Leading to the pro-democracy primaries, Shum had joined a six-person alliance with candidates Eddie Chu, Joshua Wong, Gwyneth Ho, Sunny Cheung and Tiffany Yuen.[47] In July 2020, he ran in the primary for the District Council (Second) constituency, emerging as the runner-up behind Roy Kwong. He received 129,074 votes, which represented 24.35% of the electorate, and secured a nomination spot in the general election.[48] The primary witnessed high voter turnout even after the national security law was enforced, prompting Shum to remark that "Hong Kong people have still not given up."[49]

On 30 July, the government stated that Shum was among a dozen pro-democracy candidates whose nominations were 'invalid'.[50] Shum's disqualification was determined by an opaque process in which civil servants, who served as returning officers, assessed whether candidates objected to the enactment of the national security law, or expressed sincerity in statements made disavowing separatism.[51][52]


Including Shum, at least 53 pro-democracy activists were arrested in the morning of 6 January 2021 over their organisation and participation in the primaries.[53] Shum was released on bail on 7 January.[54]

On 28 February 2021, Shum was charged with subversion along with other 46 activists and politicians.[55] On 4 March, he was denied bail and held in custody pending a May court hearing.[56] On 12 March, Shum was denied bail again citing national security risks.[57]

In July 2022, Shum contracted COVID-19 while in prison and was hospitalized for a week before being returned to prison.[58]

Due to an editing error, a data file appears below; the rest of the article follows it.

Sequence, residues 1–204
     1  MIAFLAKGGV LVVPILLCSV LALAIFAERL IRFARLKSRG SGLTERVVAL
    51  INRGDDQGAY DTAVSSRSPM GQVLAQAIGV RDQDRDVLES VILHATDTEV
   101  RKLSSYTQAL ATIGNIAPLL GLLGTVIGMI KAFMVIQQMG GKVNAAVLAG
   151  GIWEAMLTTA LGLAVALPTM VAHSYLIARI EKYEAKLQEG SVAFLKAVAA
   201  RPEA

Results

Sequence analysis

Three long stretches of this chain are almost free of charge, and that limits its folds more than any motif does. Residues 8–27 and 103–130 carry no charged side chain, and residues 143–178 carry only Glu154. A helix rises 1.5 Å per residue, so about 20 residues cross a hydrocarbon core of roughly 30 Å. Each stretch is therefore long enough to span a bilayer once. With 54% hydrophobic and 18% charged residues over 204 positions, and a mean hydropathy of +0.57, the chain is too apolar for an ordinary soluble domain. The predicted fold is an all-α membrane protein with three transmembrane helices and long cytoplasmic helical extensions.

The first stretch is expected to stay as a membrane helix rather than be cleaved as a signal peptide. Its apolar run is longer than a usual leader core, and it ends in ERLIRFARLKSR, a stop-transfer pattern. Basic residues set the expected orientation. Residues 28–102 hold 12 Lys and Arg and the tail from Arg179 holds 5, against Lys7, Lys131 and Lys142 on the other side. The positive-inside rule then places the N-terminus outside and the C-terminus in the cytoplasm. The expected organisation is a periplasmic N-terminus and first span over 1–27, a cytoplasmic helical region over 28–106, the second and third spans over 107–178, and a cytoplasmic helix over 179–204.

Conviction pre-trial[edit]

On 6 May 2021, while awaiting trial along with other pro-democracy activists over the national security case, Shum was sentenced to between four and six months in prison for participating in an unlawful assembly in 2020.[59]

On 14 April 2022, a sentence of six weeks' imprisonment was added to his overall prison term after being convicted of "inciting violence on police officers".[60]

National Security Law case[edit]

In August 2022, Shum pleaded guilty to the charges of violating the national security law and awaits sentencing as of 13 September 2022, along with other 29 activists who also pleaded guilty.[61]

Personal life[edit]

Shum is married to Nicole Alexis Yu Sze-long, a former Now TV news anchor. The couple wed in January 2021, as Shum faced re-arrest and conviction under the National Security Law, alert to the greater prison visiting rights of spouses.[62][63]

From 2014 to 2019, Shum was in a relationship with Willis Ho, former deputy secretary-general of the Hong Kong Federation of Students.[64][65][66]


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External links[edit]

Political offices
Preceded by Member of Tsuen Wan District Council
Representative for Hoi Bun